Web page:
Proteomic approach in the screening of immunomodulatory activities in traditional Chinese medicine

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Proteomic approach in the screening of immunomodulatory activities in traditional Chinese medicine


Author: Wang, Yuen-yuen
Title: Proteomic approach in the screening of immunomodulatory activities in traditional Chinese medicine
Degree: M.Phil.
Year: 2002
Subject: Hong Kong Polytechnic University -- Dissertations.
Medicine, Chinese.
Herbs -- Therapeutic use.
Immunological adjuvants.
Department: Dept. of Applied Biology and Chemical Technology
Pages: xiii, 187 leaves : ill. ; 30 cm.
Language: English
InnoPac Record:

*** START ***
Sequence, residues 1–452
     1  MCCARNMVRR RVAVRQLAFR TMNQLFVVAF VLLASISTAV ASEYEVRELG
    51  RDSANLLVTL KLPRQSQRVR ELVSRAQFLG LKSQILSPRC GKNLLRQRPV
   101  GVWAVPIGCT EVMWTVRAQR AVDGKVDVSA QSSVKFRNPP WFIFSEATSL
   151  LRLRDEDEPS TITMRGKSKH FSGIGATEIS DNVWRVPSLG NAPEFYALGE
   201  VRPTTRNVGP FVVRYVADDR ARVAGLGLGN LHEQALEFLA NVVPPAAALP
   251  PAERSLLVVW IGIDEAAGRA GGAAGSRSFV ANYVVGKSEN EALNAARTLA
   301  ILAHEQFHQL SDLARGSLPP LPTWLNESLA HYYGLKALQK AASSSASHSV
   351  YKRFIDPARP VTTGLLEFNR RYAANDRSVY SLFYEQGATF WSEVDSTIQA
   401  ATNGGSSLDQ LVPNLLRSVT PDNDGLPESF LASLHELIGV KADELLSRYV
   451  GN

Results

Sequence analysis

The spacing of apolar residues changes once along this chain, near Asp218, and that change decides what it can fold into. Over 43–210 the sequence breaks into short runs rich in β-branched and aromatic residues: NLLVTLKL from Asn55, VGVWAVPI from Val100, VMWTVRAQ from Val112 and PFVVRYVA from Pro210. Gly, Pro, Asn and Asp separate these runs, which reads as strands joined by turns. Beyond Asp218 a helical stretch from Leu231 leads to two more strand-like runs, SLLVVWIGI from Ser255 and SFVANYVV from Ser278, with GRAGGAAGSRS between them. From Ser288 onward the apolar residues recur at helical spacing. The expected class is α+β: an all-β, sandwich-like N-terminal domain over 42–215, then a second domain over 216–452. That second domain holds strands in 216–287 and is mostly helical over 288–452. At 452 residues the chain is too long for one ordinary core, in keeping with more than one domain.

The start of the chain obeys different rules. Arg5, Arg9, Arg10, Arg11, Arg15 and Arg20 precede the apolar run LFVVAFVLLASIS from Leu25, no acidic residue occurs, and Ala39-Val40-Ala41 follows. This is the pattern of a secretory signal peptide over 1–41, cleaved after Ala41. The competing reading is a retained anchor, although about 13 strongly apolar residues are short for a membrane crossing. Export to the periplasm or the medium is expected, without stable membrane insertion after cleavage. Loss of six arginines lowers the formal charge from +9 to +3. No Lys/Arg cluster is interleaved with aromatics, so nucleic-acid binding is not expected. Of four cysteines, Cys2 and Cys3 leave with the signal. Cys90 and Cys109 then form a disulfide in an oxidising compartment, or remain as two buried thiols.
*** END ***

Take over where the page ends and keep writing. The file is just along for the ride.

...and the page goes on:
Abstract: The proteomic approach has fast evolved as the method of choice for novel drug discovery. Today, many screening programs with this approach use transformed cell lines as the effectors for investigation. After exposing to the compound of interest, enhanced propagation of a cell line will denote prospective immunomodulatory activities. However, this "popular." approach does not account for the fact that the induction of a wide spectrum of immunomodulatory activities requires the presence and interactions of various types of immune cells including macrophages, B cells and T cells. More importantly, using this approach, multi-targeting effects will be difficult to detect. In our study, we used primary splenocytes as the effectors. Splenocytes (which consists of macrophages, B- and T-cells found in the spleen) are capable of inducing a full spectrum of immunomodulatory activities. On the other hand, two-dimensional polyacrylamide gel electrophoresis (2D-PAGE) can be used to examine the concurrent expression of more than 1,000 different protein species. Therefore, multi-targeting effects of any drug under investigation through the up- or down-regulation of compounds can be detected conveniently. After confirming the immunomodulatory activities of ginsenoside Rgl on production of TNF-a and IFN-g using western blot and ELISA assay, comparison of 2D gel patterns between normal and Rgl treated samples was performed. Our results showed that 87 proteins were up-regulated, 38 were down-regulated, and 38 had no significant change. With the aid of MALDI-TOF-MS, 7 proteins were identified. For the identified proteins, the T cell surface glycoprotein CD5, DNA polymerase and homeotic protein HL-2 were up-regulated, and they are involved in the lymphocyte proliferation process. Cytochrome C oxidase and G protein are the other two identified up-regulated proteins, which are involved in the transmembrane signaling process and cytokine IL-2 induction process. Hypothetical anti-proliferative protein is the only identified protein that was down-regulated. It may be involved in the suppression of white cell proliferation. The role of another identified up-regulated protein, alpha-mannosidase II is not clear. The significance of this finding is currently unknown. Nevertheless, the exact immunomodulatory mechanism of Rgl can be easily demonstrated using this approach. Results of this study not only will be very useful in understanding immunomodulatory mechanisms of Rgl, this screening platform can also provide a framework and background for large-scale screening of TCM for immunomodulation as well as development of new drugs for cancer prevention and treatment.

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